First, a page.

Sustainability has multiple meanings. For people interested in commercial buildings, it tends to mean LEED and its standards and energy conservation, whether in energy use or building operations. I used to work for Honeywell’s commercial building business, so I can understand that point of view.
But I like to think of it as more than that. It’s about all the ways the buildings and their components can be reused, recycled and repurposed. Since leaving Honeywell, I’ve been looking at and writing about historic buildings, including Victorian mansions, homey 1920s commercial buildings, mid-century modern houses and offices, and recycled buildings of all kinds—warehouses, factories, and firehouses. I’ve come to feel that preservation is closely intertwined with sustainability.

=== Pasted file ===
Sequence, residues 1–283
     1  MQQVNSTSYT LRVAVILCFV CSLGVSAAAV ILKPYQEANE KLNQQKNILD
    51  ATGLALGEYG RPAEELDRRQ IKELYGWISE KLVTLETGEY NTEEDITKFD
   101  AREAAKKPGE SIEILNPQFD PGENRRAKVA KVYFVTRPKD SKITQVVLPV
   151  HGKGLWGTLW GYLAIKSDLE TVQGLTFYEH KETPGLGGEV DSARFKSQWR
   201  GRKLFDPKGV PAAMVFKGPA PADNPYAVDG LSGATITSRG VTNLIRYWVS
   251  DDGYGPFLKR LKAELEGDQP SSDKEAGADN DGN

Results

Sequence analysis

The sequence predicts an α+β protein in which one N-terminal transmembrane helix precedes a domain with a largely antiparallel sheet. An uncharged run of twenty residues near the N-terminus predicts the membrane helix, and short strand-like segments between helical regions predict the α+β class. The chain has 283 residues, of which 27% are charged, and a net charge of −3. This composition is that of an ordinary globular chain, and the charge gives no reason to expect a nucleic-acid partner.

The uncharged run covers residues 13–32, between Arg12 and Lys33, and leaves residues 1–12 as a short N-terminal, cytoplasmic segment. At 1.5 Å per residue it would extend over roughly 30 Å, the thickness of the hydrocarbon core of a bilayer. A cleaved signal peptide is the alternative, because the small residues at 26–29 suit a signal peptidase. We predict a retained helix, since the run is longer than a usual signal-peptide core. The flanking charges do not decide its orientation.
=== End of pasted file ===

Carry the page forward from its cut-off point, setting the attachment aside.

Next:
But I like the new stuff, too. I’m fascinated by new ways to make buildings more energy efficient and sustainable, whether it’s in new ways of heating and cooling, in new materials for building, or in new practices to help a big building sit more lightly on its site. I’m grateful to the people who have created standards for construction and for building operation. I care about best practices, and LEED and GreenSeal are good roadmaps. And I have my eye on alternative energy sources—solar, wind, and geothermal.
So I’ll move around. I’ll write about LEED and HVAC; I’ll write about old buildings that have survived and are still beautiful as well as useful, and I’ll write about the newest in “green gizmos,” too, because they’re part of what makes a commercial building a sustainable one.
I look forward to hearing from my readers. Let me know about projects, or people, or products that have to do with commercial sustainability. A blog is a voracious animal and needs constant feeding to stay healthy.